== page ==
These people come here and think places like Seattle and Salt Lake City and Portland are just day trips. I mean, why would anyone live in someplace so remote that the next metropolis is a full day’s travel away? Maybe two? Why would someone build a city in the middle of nowhere?

That’s a question I ask myself all the time. But we tell others we’re from hearty pioneer stock. Our ancestors walked here, with stuff like oxen and mules, with cast iron stoves strapped to their backs. They wandered until they were tired and then settled in a place where the endless high desert vista was interrupted for once by foothills, which slowed the winds, and a river and a few, friendly trees the likes of which they probably hadn’t seen for days.

So, yeah, you want a day trip, and we’ll take you someplace like Idaho City where you can see a reenactment of a drunken gun fight and dress up in old timey clothes and get your picture taken as a gunslinger or a hooker. It’s a hoot. Or we can go the other way and take in a little class three whitewater. Just don’t forget the barf kit.

But Yellowstone? Really, that’s a long way away. Like a full day’s drive, or maybe two if you’re stopping to take in the sights or pee or in the vain hope that your kids’ stomachs will settle. Sure, there’re bears and geysers and stuff. There’s also a bajillion other people, and traffic. That may be par for the course some other places, but if what you want is scenery and maybe a little wildlife, why not go somewhere closer, where you can actually get out of the car?

Over the years of having this conversation, I realize that I’ve made the drive to Yellowstone sound as unrealistic as a trip to the moon. And, other than saying you’ve been to the moon, what’s the real attraction anyway? If I’m going to risk wearing barf, I mean, if that’s a prospect at all at any time, I want more bang for my buck. I want a night out with friends, or the chance to take in a football game, or hike up a mountain and eat dinner by a lake. I don’t want to drive through some real-life equivalent of Jurassic Park with thousands of other schmos, and have that be it.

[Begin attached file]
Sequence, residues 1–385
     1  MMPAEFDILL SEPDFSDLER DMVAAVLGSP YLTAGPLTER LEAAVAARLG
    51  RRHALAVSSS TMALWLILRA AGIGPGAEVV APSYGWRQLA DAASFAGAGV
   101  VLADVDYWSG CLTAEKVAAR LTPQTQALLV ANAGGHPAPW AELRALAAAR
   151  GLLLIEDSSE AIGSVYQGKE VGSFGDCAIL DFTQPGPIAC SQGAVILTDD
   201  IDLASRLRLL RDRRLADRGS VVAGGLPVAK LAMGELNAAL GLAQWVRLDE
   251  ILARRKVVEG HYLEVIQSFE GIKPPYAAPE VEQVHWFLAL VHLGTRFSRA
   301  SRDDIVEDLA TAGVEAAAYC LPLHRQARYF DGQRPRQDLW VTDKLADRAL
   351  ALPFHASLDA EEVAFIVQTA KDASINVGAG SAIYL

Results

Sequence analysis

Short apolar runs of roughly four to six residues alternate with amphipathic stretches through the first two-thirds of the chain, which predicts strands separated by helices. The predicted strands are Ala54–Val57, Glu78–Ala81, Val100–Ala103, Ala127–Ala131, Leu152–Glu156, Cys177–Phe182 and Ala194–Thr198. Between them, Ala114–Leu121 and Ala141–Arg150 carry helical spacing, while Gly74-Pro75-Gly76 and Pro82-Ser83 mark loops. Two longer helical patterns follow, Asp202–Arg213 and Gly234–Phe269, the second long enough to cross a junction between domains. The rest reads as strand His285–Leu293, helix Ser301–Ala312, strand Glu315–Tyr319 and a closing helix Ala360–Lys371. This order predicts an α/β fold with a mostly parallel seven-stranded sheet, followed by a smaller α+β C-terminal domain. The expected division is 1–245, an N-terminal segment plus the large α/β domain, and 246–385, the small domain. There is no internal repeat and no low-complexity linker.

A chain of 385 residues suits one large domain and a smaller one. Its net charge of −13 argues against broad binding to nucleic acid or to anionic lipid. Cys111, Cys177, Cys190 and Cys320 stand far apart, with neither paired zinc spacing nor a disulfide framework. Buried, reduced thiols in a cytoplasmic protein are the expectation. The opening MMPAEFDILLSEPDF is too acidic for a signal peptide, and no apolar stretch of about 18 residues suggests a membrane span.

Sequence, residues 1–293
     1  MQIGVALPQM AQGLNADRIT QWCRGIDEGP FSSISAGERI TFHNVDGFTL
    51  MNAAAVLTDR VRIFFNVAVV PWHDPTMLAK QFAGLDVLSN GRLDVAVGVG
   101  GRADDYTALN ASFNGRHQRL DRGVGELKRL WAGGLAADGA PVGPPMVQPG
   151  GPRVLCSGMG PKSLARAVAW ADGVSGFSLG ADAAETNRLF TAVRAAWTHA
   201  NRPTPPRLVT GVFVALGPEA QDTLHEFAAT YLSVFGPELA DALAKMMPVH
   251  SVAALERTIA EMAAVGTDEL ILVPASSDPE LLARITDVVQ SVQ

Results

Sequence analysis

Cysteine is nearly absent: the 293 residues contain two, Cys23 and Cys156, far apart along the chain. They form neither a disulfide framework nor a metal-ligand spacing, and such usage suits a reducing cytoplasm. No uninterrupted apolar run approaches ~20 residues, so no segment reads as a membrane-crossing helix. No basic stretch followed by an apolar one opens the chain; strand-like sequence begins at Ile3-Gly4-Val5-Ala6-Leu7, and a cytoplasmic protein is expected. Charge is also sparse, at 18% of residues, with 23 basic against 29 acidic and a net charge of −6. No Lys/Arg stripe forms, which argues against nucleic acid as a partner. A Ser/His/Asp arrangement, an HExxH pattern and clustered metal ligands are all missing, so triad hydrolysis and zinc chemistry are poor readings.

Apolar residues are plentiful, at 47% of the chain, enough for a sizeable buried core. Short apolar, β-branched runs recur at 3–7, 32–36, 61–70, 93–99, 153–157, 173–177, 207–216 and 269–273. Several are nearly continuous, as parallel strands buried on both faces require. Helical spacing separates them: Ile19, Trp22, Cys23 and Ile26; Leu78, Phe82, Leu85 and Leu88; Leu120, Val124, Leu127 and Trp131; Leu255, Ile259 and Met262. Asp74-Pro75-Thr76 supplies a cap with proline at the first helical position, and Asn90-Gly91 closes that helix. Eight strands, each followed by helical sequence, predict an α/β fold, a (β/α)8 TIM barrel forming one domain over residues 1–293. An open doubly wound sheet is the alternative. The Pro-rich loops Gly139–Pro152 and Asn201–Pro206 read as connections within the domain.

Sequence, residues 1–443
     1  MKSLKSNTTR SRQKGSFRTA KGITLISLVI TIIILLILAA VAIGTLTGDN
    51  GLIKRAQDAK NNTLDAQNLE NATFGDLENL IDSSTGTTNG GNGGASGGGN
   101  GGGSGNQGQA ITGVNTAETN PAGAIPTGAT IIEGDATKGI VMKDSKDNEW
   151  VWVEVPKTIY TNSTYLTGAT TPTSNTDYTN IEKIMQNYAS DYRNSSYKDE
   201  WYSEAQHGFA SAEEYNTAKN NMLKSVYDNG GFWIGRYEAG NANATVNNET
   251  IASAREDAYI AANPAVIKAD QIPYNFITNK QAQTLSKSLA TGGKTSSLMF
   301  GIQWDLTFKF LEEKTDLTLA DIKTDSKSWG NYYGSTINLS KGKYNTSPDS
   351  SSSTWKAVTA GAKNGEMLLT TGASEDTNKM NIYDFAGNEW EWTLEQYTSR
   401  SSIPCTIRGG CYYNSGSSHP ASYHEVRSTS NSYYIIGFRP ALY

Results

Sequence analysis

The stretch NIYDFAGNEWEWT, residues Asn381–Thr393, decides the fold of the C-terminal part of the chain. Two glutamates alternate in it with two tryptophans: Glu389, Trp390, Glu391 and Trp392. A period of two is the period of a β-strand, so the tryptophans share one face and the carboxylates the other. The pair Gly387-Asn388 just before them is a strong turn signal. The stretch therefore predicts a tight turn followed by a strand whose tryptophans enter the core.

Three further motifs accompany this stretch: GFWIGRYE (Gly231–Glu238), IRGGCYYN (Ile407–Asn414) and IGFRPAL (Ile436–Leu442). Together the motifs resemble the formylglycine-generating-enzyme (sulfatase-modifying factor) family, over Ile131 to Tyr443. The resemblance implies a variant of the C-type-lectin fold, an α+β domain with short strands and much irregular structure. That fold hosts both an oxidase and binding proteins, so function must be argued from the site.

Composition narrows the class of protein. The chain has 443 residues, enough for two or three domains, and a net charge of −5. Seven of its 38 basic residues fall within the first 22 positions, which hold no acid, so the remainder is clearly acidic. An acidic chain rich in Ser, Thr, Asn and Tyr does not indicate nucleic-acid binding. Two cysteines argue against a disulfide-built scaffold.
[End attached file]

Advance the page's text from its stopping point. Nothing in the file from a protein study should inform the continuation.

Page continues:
But yesterday, I was writing something about traveling through five countries in five days and how our perspective is skewed because actual points of interest around here from a tourist’s perspective are as distant from each other as we are from the moon. I was going to use Yellowstone as a point of reference, so I Googled directions.

Some of you already know this: Yellowstone’s about six hours away. Seriously. Most of the trip is nice, straight freeway over which our kids can likely hold onto their cookies. Hardly a journey to the moon.

Like I said, embarrassing. I’ve bragged about taking our kids to see six or eight UNESCO World Heritage sites in one trip – the names for half of which they’ll never remember – but we can’t even back out of the driveway to see one of the few natural wonders in the US that’s practically in our own back yard? How totally un-American of us.

Still, hold up on the trip advice. We may be the only ones on the planet who haven’t schlepped with our kids off to see bears and geysers with thousands of other tourists. But, as far as I know, we’re not planning to head out any time soon. You can judge all you want. I mean, when it’s all said and done, it’s bears. And it’s geysers. It’s not like there’re dinosaurs or astronauts or anything.

I’m just saying I’ll think of another response when someone asks about the possibility of a “day trip” to Yellowstone.